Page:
## Advanced Topics in Macroeconomics: Quantitative Macroeconomics

(Johns Hopkins University, AS.180.605)

**Course Information**

__Instructor__: Erick Sager__Place__: Mergenthaler 426

**Course Materials**

- Course Syllabus (last updated 8/31/15)
- Lecture Notes (updated 10/18/15)
- Course Readings (Bibtex Plugin - click here)
- TeX Resources (MikTeX - TeXstudio - Example Template)

**Problem Sets**

- Problem Set 1 - (Solution to PS1)
- Problem Set 2 - (Solution to PS2)

**Useful Articles**

- Milton Friedman: Positive Methodology of Economics
- Narayana Kocherlakota: On the State of Macroeconomics
- Tony Smith: Advice on Computational Work

**Running Course Agenda**

- (8/31/15) Introductions and discussion about what this course is and what you should get out of it. We looked at some data to get warmed up and reviewed aggregation theorems in linear economies. Lecture notes have been posted and will be updated over the course of the semester. (Lecture Slides)
- (9/7/15) Labor day. No class!
- (9/14/15) We spent the first half finishing aggregation results with complete markets and working through Maliar and Maliar (2003) . In the second half of class we motivated the Permanent Income Hypothesis, derived a series of results as a review of material you have learned with Chris, and discussed the testable implications of the theory. (Lecture Slides)
- (9/21/15) We discussed the "Excess Smoothness" puzzle and worked through Campbell and Deaton's (1989) reconciliation of the excess sensitivity and smoothness puzzles. We then showed how borrowing constraints generate a precautionary savings motive. (Lecture Slides)
- (9/28/15) We continued to characterize the buffer stock model. We showed how prudence in utility generates a precautionary savings motive and then proved a series of propositions about the effect of patience on convergence or divergence of consumption paths. (Lecture Slides)
- (10/5/15) No class, stay safe during the hurricane!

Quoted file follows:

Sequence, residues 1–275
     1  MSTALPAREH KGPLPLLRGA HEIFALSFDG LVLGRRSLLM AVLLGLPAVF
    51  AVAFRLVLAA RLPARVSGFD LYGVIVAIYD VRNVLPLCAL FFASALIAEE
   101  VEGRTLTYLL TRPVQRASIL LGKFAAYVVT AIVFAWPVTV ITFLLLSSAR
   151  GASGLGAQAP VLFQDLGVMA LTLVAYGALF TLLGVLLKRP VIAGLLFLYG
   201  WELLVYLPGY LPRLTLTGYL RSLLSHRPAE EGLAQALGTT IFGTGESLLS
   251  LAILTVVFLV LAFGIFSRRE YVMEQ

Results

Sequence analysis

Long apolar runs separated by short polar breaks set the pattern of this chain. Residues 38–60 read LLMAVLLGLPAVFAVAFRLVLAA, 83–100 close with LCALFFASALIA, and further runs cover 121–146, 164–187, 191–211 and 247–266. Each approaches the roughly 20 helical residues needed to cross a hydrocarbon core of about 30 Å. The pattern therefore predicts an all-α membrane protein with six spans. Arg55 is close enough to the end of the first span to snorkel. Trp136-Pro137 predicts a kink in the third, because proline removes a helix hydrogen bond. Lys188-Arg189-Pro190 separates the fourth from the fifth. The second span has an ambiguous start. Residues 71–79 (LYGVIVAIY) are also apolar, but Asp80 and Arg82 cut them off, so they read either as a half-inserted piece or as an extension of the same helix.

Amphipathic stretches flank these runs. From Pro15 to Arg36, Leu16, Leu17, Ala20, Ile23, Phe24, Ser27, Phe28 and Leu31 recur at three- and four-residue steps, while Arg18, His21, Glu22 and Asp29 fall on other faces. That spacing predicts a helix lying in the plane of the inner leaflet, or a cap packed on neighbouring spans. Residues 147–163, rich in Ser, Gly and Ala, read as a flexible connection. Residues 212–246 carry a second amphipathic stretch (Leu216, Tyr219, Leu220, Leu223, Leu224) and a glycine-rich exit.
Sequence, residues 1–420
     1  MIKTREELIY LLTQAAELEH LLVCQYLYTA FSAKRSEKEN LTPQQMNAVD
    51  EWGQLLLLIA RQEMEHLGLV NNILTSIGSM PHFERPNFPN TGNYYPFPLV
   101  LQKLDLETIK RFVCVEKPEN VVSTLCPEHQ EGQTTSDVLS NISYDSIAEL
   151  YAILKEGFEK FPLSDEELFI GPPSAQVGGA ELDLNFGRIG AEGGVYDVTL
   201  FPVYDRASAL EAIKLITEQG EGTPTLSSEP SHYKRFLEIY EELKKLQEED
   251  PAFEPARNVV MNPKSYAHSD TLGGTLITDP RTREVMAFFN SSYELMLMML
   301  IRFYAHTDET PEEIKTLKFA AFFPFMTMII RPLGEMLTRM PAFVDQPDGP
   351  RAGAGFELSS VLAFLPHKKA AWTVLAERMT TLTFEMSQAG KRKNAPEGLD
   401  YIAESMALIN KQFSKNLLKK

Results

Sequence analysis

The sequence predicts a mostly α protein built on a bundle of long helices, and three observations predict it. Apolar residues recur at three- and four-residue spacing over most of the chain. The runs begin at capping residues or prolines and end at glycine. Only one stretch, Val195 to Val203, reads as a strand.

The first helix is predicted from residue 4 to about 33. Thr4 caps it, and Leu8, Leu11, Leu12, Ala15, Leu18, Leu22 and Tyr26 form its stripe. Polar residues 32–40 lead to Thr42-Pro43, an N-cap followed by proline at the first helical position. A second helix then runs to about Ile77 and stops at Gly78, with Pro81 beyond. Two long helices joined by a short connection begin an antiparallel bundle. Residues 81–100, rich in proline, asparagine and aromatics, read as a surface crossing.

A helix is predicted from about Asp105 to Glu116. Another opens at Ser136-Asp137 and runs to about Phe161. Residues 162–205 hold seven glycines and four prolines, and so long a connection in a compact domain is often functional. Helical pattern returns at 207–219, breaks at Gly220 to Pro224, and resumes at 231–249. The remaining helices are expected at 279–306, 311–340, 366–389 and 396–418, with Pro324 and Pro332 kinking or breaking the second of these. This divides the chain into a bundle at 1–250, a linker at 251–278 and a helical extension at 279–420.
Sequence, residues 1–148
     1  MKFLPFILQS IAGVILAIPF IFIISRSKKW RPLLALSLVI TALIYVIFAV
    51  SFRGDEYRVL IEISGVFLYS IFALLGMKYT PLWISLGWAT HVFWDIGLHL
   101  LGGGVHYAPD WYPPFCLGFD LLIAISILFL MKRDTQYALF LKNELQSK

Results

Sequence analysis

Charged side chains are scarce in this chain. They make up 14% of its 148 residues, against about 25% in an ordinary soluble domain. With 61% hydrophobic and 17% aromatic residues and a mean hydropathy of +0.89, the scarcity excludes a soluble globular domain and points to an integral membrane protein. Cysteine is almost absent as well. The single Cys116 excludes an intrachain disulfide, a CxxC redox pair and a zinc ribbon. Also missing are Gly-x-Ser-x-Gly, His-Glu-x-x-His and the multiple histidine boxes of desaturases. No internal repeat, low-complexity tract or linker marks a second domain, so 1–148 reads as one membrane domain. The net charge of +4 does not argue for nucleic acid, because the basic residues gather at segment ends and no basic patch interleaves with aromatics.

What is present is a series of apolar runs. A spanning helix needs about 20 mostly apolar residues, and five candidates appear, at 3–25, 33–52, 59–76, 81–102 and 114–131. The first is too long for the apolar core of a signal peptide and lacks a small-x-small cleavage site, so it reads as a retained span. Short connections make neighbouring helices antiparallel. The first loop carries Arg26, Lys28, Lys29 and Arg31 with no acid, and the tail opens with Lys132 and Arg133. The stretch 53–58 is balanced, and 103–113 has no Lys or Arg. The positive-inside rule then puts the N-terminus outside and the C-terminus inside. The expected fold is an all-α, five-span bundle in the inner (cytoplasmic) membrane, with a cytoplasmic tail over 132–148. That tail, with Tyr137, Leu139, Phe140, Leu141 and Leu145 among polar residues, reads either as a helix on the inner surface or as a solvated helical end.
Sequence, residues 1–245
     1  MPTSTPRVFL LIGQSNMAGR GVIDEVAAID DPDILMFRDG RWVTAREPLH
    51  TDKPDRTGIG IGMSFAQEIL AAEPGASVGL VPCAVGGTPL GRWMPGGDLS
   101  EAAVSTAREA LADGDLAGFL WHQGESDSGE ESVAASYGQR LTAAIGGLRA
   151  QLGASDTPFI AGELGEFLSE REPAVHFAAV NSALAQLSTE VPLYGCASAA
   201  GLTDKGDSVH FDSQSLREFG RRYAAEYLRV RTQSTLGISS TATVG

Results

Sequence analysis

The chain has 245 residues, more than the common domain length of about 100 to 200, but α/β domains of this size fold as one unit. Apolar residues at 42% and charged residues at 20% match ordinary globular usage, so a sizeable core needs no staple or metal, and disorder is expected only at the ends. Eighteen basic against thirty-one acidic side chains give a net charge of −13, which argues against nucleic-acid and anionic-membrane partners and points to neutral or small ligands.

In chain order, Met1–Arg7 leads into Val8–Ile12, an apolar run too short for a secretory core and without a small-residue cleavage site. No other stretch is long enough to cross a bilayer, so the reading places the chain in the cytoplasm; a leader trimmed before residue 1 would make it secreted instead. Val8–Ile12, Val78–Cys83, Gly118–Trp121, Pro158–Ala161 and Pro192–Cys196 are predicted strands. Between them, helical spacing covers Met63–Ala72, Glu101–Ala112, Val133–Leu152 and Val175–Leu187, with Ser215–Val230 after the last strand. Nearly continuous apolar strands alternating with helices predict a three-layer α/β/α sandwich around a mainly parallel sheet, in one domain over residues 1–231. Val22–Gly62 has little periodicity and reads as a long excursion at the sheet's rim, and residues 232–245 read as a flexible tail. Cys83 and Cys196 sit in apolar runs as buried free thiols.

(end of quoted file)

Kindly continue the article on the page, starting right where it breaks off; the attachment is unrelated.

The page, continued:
- (10/12/15) We finished characterizing the buffer stock model along the dimension of agents' impatience (with deterministic and stochastic income). We started to work through Carroll (1992) and characterize the Marginal Propensity to Consume. (Lecture Slides)
- (10/15/15) We finished characterizing the Marginal Propensity to Consume and described a General Equilibrium framework for understanding the effect of uninsurable idiosyncratic labor risk on aggregate outcomes. (Lecture Slides)
- (10/19/15) We proved that a Recursive Competitive Equilibrium exists and discussed how you can go about computing such a solution. We discussed the solution to the model and then considered an extension with Government debt. (Lecture Slides)
- (10/26/15) We incorporated business cycles into the model, showed how to compute equilibria and discussed the "Near-Aggregation" result. We ended by discussing when heterogeneity matters for modeling business cycle outcomes. In the second half of the class Jiaxiong Yao shared some of his related work on leverage and consumption. Thanks Jiaxiong! (Lecture Slides)

**Great Recession Presentations Begin**

- (11/2/15) Yun Gong presents Midrigan and Philippon (2011); Kevin Yuan presents Guerreri and Lorenzoni (2015)
- (11/9/15) Yeabin Moon presents Heathcote and Perri (2015); Chang Ma presents Korinek and Simsek (2015)
- (11/16/15) Edmund Crawley presents Arellano, Bai and Kehoe (2012); Hanchen Jiang presents Carroll, Slacalek and Sommer (2013)
- (11/30/15) Yunting Liu presents Gorea and Midrigan (2015); Sue Bahk presents Kehoe, Midrigan and Pastorino (2015)
- (12/7/15) Jong Jae Lee presents Basetto, Cagetti and DeNardi (2015); Luigi Durand presents Kaplan and Violante (2015)

**Original Research Presentations**

- (12/14/15) Volunteers will present for 30 minutes and get some feedback on their research ideas